“(Thompson) is picking things up, especially defensively,” Jordan said. “That is how he is earning his way onto the court.”

Thompson totaled 31 minutes and finished with four rebounds, two assists and just two turnovers, despite handling the ball a lot.

“He has a good sense as a lead guard,” Jordan said. “He has always done that. Now he is finishing at a high clip and he hit his free throws tonight.”

Thompson isn’t a great shooter, as much as he is a great scorer, but he hit 5 of 7 free throws and only missed one shot attempt.

VETERAN STRONG

As a junior, it took senior forward Kelan Martin six games to grab 23 total rebounds to open the 2016-17 season, but he has already done so in two games this season after grabbing a game-best 14 Sunday.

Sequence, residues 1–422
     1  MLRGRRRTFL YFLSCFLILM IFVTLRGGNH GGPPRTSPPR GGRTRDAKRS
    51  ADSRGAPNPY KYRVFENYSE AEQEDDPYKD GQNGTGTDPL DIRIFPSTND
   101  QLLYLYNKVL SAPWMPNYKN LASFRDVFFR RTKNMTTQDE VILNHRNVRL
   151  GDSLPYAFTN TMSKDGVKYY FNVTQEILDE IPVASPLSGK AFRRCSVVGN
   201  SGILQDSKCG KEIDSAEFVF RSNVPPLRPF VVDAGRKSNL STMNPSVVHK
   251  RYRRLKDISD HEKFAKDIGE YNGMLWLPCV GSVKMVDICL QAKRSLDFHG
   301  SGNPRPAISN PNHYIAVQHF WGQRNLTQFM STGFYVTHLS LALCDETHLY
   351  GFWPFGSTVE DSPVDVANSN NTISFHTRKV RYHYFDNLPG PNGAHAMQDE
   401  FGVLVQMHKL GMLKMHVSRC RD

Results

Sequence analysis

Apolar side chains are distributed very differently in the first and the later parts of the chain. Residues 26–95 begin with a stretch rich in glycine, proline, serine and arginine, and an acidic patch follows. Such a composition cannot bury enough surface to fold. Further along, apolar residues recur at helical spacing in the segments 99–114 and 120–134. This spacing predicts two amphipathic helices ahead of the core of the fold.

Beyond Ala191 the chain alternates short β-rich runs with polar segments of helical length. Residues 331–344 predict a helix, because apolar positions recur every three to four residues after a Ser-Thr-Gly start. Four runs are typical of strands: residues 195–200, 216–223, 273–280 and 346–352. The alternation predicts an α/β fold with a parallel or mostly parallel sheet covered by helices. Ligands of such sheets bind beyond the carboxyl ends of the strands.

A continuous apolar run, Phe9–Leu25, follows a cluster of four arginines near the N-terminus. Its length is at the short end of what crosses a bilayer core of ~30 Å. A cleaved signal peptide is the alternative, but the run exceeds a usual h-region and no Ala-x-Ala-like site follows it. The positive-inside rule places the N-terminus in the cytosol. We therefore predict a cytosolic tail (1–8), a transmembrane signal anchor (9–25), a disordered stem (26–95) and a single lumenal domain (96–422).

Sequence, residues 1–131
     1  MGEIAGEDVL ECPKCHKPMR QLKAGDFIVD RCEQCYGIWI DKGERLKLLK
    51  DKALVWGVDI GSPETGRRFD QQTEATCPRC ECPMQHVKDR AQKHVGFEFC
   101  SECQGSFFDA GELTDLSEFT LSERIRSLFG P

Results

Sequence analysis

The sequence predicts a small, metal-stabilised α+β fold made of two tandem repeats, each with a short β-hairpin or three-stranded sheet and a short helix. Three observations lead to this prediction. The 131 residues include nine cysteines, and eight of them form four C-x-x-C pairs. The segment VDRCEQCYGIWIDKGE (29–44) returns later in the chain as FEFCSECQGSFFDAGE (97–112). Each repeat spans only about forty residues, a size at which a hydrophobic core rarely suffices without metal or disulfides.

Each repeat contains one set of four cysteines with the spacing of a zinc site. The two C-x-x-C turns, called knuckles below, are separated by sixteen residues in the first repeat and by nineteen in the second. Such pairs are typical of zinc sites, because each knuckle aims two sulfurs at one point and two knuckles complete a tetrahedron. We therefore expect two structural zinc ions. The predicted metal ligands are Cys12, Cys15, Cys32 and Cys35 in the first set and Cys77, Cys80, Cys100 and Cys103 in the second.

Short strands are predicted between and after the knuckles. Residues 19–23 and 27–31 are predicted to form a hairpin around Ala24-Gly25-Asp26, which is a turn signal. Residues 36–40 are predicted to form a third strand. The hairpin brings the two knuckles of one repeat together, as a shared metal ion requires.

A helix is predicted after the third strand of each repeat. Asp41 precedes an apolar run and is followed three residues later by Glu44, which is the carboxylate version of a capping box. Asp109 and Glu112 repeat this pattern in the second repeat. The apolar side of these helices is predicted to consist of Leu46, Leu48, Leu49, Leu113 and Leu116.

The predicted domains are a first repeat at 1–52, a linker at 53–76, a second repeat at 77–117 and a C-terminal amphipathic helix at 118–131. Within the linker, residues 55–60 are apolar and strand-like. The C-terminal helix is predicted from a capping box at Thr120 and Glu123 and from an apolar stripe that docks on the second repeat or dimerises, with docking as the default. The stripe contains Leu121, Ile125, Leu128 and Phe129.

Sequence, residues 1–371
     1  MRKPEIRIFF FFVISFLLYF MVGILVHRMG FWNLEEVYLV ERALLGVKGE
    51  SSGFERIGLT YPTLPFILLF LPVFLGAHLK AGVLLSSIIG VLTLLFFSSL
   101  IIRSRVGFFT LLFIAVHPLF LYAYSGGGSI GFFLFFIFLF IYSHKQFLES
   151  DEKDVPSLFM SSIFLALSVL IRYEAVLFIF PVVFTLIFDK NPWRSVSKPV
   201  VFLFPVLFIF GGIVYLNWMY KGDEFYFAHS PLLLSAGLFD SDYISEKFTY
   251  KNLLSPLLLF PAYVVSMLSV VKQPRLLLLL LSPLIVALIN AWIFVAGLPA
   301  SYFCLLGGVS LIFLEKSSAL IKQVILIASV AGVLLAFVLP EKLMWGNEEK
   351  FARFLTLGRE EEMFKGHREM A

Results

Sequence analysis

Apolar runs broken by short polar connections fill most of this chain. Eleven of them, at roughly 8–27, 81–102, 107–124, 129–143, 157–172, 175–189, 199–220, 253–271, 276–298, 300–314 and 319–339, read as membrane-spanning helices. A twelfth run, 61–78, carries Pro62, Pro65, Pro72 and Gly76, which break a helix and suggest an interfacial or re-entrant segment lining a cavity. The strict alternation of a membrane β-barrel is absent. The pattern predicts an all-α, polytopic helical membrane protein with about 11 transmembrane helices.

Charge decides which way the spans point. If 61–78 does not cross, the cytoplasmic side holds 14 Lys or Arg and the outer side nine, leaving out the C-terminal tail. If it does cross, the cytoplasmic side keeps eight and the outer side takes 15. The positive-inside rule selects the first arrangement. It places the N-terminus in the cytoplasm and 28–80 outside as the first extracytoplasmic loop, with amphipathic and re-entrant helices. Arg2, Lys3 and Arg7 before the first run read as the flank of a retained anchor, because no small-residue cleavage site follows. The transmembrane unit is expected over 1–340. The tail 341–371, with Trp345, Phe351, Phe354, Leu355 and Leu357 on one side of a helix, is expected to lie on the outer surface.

“I was really proud of (Martin),” Jordan said. “He had 14 rebounds, led us in assists (three), he has grown as a player. He is a more complete player.”

Martin battled foul problems (he finished with four), but he still was on the court for a team-high 37 minutes and grabbed nine of his rebounds and scored 16 of his points in the second half when the Tigers were cutting into the Butler lead.

“We know (Martin) can score,” Jordan said, “but he is really engaged in improving his game.”

Martin played in 34 games a year ago, but only totaled three or more assists on two occasions and the same could be said of grabbing double-figure rebounds.

On Monday, Martin was named as the Big East Conference Men’s Basketball Player of the Week.

FAN-FRIENDLY